Seminars & Colloquia
"New Directions for Random Walk on a Graph"
Wednesday January 21, 2015 10:30 AM
Location: 3211, EBII NCSU Centennial Campus
(Visitor parking instructions)
This talk is part of the Theory Seminar Series
Random walk on a graph is a beautiful and (viewed from today) classical subject with elegant theorems, multiple applications in the theory of computing, and a close connection to the theory of electrical networks. The subject seems to be livelier now than ever, with a surprising number of new results.
We will discuss recent progress in some new directions. In particular, how long can it take to visit every edge of a graph, or to visit every vertex a representative number of times? Can random walks be coupled so that they don't collide? Can moving targets be harder to hit than fixed targets? How long does it take to capture a random walker? Can random walk help a pursued rabbit?
Mentioned will be work by or with Omer Angel, Yakov Babichenko, Jian Ding, Oded Feldheim, Agelos Georgakopoulos, Ander Holroyd, Natasha Komarov, James Lee, James Martin, Yuval Peres, Ron Peretz, Perla Sousi, and David Wilson.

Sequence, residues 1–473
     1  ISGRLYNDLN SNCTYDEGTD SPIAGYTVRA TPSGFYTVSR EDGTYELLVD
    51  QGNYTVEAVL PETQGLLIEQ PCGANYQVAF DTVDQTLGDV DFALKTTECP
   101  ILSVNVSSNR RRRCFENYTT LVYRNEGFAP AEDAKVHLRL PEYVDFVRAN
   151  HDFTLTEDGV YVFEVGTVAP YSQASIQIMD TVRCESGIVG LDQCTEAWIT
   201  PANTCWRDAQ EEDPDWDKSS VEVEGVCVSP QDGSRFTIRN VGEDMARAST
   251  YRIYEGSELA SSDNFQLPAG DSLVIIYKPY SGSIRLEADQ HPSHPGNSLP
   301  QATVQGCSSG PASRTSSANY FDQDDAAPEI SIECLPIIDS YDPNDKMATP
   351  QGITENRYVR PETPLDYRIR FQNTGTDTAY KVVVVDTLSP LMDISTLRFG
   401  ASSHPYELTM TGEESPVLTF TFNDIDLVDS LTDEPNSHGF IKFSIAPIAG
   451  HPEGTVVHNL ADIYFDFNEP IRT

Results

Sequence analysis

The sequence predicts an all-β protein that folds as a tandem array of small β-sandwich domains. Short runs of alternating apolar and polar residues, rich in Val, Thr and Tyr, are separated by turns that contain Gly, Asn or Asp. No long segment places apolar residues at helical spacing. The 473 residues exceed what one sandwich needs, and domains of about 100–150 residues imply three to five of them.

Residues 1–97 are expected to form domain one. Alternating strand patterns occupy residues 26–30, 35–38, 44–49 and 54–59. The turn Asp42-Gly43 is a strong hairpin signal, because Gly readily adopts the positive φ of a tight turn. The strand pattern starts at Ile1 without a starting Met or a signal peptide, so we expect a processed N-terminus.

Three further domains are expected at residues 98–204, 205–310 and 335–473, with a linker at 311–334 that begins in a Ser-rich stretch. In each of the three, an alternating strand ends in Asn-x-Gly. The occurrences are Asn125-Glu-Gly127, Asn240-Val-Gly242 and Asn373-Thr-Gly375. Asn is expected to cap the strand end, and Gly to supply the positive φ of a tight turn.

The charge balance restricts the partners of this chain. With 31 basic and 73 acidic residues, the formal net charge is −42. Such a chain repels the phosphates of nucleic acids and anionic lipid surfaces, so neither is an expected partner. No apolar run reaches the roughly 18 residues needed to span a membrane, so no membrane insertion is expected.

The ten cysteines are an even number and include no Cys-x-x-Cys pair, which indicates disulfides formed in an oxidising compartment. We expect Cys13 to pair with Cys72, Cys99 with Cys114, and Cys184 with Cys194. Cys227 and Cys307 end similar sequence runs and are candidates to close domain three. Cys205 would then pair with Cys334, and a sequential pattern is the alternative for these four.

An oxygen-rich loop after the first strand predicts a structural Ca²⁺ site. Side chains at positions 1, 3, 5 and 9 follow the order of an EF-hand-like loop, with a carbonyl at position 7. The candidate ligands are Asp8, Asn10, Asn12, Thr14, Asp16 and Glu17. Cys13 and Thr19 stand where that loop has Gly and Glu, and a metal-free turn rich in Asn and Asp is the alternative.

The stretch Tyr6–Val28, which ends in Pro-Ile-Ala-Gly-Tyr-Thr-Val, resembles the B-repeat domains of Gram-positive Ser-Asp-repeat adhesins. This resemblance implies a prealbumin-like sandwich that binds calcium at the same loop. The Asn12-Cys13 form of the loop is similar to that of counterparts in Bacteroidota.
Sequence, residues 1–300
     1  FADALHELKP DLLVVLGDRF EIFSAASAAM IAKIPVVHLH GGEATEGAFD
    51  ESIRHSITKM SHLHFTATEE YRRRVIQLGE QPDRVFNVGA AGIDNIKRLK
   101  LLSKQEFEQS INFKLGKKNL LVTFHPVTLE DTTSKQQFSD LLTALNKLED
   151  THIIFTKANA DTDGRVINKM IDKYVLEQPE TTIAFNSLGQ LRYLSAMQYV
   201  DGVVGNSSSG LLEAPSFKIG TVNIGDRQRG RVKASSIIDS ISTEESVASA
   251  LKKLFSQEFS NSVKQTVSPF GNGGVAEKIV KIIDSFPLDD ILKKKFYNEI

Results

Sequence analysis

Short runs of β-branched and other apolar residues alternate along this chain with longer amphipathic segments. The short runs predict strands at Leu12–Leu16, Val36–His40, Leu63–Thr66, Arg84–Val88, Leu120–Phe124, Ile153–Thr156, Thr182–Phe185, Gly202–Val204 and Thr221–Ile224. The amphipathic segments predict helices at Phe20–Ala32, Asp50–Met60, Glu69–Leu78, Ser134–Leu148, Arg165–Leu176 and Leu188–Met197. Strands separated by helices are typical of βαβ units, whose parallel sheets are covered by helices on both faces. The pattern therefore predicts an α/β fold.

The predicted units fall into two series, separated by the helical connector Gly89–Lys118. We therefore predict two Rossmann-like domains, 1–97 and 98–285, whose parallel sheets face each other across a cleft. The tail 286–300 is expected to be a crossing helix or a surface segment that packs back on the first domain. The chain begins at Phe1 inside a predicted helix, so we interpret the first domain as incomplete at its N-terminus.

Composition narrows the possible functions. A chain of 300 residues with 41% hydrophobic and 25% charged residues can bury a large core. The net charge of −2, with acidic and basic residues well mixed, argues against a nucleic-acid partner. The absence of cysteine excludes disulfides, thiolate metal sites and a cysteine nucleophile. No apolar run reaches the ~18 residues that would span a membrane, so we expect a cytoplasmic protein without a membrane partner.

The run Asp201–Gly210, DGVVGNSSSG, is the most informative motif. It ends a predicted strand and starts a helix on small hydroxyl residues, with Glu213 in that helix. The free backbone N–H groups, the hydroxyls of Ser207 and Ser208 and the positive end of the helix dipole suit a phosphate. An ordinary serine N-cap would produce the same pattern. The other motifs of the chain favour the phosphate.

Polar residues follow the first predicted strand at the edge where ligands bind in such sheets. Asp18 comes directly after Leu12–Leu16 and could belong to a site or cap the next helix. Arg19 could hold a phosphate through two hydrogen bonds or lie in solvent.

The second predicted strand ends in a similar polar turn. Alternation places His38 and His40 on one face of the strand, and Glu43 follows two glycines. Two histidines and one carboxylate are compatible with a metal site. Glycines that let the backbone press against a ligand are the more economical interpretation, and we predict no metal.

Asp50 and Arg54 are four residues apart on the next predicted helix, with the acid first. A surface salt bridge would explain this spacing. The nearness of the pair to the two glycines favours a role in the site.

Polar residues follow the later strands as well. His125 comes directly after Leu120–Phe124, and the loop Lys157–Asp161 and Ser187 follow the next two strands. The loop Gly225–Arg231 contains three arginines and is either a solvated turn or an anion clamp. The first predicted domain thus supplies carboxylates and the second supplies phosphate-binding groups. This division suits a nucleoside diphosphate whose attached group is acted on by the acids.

Peter Winkler is Professor of Mathematics and Computer Science, and Albert Bradley Third Century Professor in the Sciences, at Dartmouth College. A winner of the Mathematical Association of America's Lester R. Ford Award for mathematical exposition, he is the author of about 135 mathematical research papers and holds a dozen patents in computing, cryptology, holography, optical networking and marine navigation. His research is primarily in combinatorics, probability, and the theory of computing, with forays into statistical physics. Prof. Winkler has also authored two collections of mathematical puzzles, a portfolio of compositions for ragtime piano, and (just completed) a book on uses of cryptography in the game of bridge.
Host: Blair D. Sullivan, CSC